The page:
From Paupers to Very Poor…

Paupers recorded on censuses taken in Harris

Year       Male       Female       Total

1851       21            52              73

1861       18           49               67

1871        07          21               28

1881       09           20               29

1891       00           03               03

1901       03           11                14

I was about to begin pontificating upon these figures when I came upon a record from 1851:

Kenneth Morrison, 80, a Hearach was living in Widows Row, Stornoway with his wife, Catherine.

Occupation – Very Poor…

Very Poor – What levels of despair and destitution do those two small words define?

There are seven Paupers recorded in Stornoway in 1851 but only Kenneth has his occupation described as ‘Very Poor’.

Perhaps not poor enough to qualify for State Aid and hence become a Pauper (or too proud to do so, or in some other manner denied access?) but sufficiently so for the Enumerator to use the word ‘Very’ to describe his and Mrs Morrison’s plight.

On this very night, elsewhere in Stornoway, John McNeil, Chairman of the Board of Supervison for the Relief of the Poor in Scotland, was in the newly-built Lews Castle on one of his many information-gathering exercises.

His circumstances were certainly not ‘Very Poor’…

Note: I have so far been unable to locate ‘Widows Row’ in Stornoway but in 1901 it appears as ‘Newvalley widows Row’. Since first composing this piece, I have discovered the location of this 1851 Widow’s Row in this very interesting letter:

Condition of the cottar population in Lewis 1881

Condition of the cottar population in Lewis.
Report to Her Majesty’s Secretary for Scotland.
Accounts and Papers, 1888.
Vol. LXXX, 43p., maps. [C. 5265]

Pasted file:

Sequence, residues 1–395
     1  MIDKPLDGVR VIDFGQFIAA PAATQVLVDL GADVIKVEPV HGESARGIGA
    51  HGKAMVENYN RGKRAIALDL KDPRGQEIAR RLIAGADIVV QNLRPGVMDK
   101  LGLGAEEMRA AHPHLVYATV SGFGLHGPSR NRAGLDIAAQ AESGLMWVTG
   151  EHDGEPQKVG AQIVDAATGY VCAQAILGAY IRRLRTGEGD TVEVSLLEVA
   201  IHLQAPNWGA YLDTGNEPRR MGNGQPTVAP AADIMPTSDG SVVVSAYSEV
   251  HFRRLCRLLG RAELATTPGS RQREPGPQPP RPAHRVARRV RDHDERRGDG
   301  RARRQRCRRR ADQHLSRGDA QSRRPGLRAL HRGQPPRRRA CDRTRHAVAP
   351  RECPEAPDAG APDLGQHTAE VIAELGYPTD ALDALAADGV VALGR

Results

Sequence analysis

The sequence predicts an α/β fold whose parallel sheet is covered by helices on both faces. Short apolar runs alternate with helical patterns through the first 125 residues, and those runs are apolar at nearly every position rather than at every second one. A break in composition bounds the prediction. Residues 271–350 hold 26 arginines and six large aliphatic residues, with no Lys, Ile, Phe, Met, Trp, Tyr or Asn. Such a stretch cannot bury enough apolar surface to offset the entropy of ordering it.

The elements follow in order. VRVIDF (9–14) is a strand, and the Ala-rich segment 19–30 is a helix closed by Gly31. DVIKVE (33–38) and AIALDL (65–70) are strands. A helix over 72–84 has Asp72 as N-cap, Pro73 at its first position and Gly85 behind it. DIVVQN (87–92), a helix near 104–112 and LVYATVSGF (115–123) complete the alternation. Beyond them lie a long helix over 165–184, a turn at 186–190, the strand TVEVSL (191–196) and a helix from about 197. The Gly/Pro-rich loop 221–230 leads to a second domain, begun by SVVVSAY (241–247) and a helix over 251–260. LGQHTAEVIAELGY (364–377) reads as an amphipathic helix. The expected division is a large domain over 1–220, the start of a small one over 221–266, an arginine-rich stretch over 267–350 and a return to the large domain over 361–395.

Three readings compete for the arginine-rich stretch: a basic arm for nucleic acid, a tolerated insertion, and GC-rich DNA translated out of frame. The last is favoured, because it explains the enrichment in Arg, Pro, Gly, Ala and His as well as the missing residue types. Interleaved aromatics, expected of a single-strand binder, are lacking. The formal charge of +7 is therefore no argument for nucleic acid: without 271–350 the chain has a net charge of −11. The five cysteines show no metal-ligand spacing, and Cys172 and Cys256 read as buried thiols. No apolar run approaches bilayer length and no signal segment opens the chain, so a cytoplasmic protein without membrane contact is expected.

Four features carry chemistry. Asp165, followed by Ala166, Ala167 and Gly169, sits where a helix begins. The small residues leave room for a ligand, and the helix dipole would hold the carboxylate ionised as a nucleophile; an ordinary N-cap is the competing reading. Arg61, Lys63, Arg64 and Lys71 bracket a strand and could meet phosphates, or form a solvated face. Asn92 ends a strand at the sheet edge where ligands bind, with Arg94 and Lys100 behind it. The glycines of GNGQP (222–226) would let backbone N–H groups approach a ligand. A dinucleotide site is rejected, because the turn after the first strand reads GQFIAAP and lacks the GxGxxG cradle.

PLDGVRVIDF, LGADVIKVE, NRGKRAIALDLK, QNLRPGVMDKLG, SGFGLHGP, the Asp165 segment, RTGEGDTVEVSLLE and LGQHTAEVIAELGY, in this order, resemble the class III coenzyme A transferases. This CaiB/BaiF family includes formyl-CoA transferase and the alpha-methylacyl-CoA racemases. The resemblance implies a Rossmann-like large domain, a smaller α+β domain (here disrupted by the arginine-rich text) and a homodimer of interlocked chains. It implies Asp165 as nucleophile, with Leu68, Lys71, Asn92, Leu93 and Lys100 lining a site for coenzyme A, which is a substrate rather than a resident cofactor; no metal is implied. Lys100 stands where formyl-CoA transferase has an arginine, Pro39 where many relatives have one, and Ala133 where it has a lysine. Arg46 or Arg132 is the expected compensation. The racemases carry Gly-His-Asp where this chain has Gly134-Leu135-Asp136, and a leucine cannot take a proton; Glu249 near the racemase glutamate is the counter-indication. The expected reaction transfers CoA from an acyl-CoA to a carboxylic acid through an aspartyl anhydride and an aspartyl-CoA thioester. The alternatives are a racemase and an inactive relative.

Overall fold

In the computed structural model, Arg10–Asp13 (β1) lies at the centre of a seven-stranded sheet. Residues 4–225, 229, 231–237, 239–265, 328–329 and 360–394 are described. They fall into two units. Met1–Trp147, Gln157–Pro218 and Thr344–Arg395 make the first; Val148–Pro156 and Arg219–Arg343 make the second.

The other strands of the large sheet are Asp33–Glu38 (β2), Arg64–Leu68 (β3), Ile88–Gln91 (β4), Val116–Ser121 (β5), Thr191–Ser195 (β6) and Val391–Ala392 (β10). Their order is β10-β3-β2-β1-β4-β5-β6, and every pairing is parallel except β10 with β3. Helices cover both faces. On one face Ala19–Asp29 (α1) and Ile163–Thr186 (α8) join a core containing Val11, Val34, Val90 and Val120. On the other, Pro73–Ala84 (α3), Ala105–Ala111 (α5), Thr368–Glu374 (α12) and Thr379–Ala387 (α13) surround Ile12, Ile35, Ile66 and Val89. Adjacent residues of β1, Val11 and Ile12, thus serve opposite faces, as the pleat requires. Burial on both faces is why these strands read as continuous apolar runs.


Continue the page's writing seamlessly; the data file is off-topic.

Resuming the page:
Meetings of parochial boards were held in Lewis and it was discovered that some destitution did exist.

A previous inquiry into destitution on the island had been held in 1851, following the collapse of the kelp industry between 1844 and 1849 and the failure of the potato crop in 1846.

The expansion of the herring industry had soon relieved the situation.

By 1888, however, over-production and foreign competition had affected the herring fishery and it became increasingly difficult for the cottars of Lewis to obtain credit from local merchants between the fishing seasons.

In addition, an epidemic of measles had afflicted most of the population.

Mr. Fraser and Mr. McNeill visited 108 houses in the parishes of Lochs and Stornoway. Tabulated results of their inquiries are included in the appendix.

They found that the soil was of poor quality, there was a shortage of food and “a listless apathy is everywhere apparent.”

They predicted starvation on the island and recommended that some of the surplus population should be removed.


SS Dunara Casle – 1891

I mentioned earlier that this vessel appeared thrice in the censuses and have pleasure in presenting the second tidbit for your delectation:

Charles Mckinnon, 45, Master, b. Coll, Argyll
Donald Maclean, 36, Mate, b. Iona, Argyll
Peter Mcgilip, 48, Boatswain, b. Crinan, Argyll

Alex Campbell, 37, Able Seaman, b. Mull, Argyll
Neil Mcinnis, 43, Able Seaman, b. Skye
John Mcdougall, 24, Able Seaman, b. Mull, Argyll
George Macdonald, 25, Able Seaman, b. Coll, Argyll